Emeralds tend to have numerous inclusions and surface breaking fissures. Unlike diamonds, where the loupe standard, i.e. 10× magnification, is used to grade clarity, emeralds are graded by eye. Thus, if an emerald has no visible inclusions to the eye (assuming normal visual acuity) it is considered flawless. Stones that lack surface breaking fissures are extremely rare and therefore almost all emeralds are treated (“oiled”, see below) to enhance the apparent clarity. The inclusions and fissures within an emerald are sometime described as jardin (French for garden), because of their mossy appearance. Imperfections are unique for each emerald and can be used to identify a particular stone. Eye-clean stones of a vivid primary green hue (as described in Part 1), with no more than 15% of any secondary hue or combination (either blue or yellow) of a medium-dark tone, command the highest prices. The relative non-uniformity motivates the cutting of emeralds in cabochon form, rather than faceted shapes. Faceted emeralds are most commonly given an oval cut, or the signature emerald cut, a rectangular cut with facets around the top edge.
Most emeralds are oiled as part of the post-lapidary process, in order to fill in surface-reaching cracks so that clarity and stability are improved. Cedar oil, having a similar refractive index, is often used in this widely adopted practice. Other liquids, including synthetic oils and polymers with refractive indexes close to that of emeralds, such as Opticon, are also used. These treatments are typically applied in a vacuum chamber under mild heat, to open the pores of the stone and allow the fracture-filling agent to be absorbed more effectively. The U.S. Federal Trade Commission requires the disclosure of this treatment when an oil treated emerald is sold. The use of oil is traditional and largely accepted by the gem trade, although oil treated emeralds are worth much less than un-treated emeralds of similar quality. Other treatments, for example the use of green-tinted oil, are not acceptable in the trade. Gems are graded on a four-step scale; none, minor, moderate and highly enhanced. These categories reflect levels of enhancement, not clarity. A gem graded none on the enhancement scale may still exhibit visible inclusions. Laboratories apply these criteria differently. Some gemologists consider the mere presence of oil or polymers to constitute enhancement. Others may ignore traces of oil if the presence of the material does not improve the look of the gemstone.[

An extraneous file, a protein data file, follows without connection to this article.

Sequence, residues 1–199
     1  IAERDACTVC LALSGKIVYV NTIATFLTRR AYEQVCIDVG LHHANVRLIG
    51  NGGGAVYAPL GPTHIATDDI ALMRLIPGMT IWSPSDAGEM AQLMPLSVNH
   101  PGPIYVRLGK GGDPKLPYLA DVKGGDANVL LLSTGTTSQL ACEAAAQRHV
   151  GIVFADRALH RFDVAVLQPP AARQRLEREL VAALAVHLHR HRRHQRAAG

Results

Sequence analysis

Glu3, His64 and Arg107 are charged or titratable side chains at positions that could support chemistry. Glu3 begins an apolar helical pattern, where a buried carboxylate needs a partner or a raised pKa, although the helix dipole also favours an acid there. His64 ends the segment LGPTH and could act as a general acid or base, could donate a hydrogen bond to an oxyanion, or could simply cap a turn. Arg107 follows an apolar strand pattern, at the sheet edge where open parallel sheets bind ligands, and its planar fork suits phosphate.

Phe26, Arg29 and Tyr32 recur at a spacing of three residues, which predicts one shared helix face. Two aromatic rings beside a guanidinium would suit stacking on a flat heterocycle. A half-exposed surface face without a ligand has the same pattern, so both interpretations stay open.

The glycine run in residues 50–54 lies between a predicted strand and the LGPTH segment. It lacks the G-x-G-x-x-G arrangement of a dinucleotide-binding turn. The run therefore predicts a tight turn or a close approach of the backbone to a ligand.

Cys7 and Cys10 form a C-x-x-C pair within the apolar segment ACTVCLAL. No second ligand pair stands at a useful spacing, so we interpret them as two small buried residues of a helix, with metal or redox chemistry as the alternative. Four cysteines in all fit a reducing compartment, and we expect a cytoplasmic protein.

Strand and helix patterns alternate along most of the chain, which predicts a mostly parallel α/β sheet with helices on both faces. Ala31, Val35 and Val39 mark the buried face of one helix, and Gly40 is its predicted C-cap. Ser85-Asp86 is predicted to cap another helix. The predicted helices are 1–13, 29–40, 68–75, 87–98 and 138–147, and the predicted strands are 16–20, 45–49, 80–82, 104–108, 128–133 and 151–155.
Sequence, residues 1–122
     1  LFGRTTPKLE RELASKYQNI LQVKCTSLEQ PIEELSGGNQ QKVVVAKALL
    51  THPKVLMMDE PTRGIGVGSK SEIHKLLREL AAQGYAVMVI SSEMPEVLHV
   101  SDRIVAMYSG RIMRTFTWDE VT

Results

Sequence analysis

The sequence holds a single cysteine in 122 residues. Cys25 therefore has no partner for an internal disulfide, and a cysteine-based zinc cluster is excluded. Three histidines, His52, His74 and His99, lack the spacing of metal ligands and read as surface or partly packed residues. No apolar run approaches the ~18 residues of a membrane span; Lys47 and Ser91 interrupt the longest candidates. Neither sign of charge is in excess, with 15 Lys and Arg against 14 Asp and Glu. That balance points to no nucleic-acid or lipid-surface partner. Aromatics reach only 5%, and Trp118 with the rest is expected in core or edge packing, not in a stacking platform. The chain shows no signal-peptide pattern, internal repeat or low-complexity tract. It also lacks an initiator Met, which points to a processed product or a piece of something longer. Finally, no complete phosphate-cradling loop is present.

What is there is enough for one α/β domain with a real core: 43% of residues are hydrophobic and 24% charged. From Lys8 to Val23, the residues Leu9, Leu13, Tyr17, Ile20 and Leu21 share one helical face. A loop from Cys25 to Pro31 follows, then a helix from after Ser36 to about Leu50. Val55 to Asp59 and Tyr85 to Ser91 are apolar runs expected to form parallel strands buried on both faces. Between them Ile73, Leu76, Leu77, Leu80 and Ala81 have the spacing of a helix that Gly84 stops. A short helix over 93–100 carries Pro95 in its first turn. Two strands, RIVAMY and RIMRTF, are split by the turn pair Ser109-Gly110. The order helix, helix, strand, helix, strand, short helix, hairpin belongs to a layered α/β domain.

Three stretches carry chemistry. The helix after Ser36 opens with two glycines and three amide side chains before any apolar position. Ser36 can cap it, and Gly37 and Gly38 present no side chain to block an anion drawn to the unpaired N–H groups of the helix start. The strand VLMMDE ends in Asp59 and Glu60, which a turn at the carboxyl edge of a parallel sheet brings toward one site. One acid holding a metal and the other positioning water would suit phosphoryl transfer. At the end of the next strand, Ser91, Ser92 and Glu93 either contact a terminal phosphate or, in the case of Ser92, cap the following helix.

A Colombian trapiche emerald
Emeralds in antiquity were mined in Egypt at locations on Mount Smaragdus since 1500 BCE, and India, and Austria since at least the 14th century CE. The Egyptian mines were exploited on an industrial scale by the Roman and Byzantine Empires, and later by Islamic conquerors. Mining ceased with the discovery of the Colombian deposits; only ruins remain.[
Colombia is by far the world’s largest producer of emeralds, constituting 50–95% of the world production, with the number depending on the year, source and grade. Emerald production in Colombia has increased drastically in the last decade, increasing by 78% from 2000 to 2010. The three main emerald mining areas in Colombia are Muzo, Coscuez, and Chivor. Rare “trapiche” emeralds are found in Colombia, distinguished by ray-like spokes of dark impurities.
Zambia is the world’s second biggest producer, with its Kafubu River area deposits (Kagem Mines) about 45 km (28 mi) southwest of Kitwe responsible for 20% of the world’s production of gem-quality stones in 2004.[ In the first half of 2011, the Kagem Mines produced 3.74 tons of emeralds.
Emeralds are found all over the world in countries such as Afghanistan, Australia, Austria, Brazil, Bulgaria, Cambodia, Canada, China, Egypt, Ethiopia, France, Germany, India, Italy, Kazakhstan, Madagascar, Mozambique, Namibia, Nigeria, Norway, Pakistan, Russia, Somalia, South Africa, Spain, Switzerland, Tanzania, the United States, Zambia, and Zimbabwe. In the US, emeralds have been found in Connecticut, Montana, Nevada, North Carolina, and South Carolina. In Canada, in 1997 emeralds were discovered in the Yukon.
(Information from Wikipedia, the free encyclopedia)